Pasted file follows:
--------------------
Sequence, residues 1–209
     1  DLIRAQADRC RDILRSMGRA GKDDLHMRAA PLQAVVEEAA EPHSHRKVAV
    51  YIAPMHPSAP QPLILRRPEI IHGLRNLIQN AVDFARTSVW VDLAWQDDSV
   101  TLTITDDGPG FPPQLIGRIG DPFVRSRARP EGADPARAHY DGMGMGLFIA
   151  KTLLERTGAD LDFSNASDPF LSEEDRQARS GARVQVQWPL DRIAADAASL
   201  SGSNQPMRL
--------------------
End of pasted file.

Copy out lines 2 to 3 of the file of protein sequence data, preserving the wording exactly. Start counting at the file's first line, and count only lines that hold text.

     1  DLIRAQADRC RDILRSMGRA GKDDLHMRAA PLQAVVEEAA EPHSHRKVAV
    51  YIAPMHPSAP QPLILRRPEI IHGLRNLIQN AVDFARTSVW VDLAWQDDSV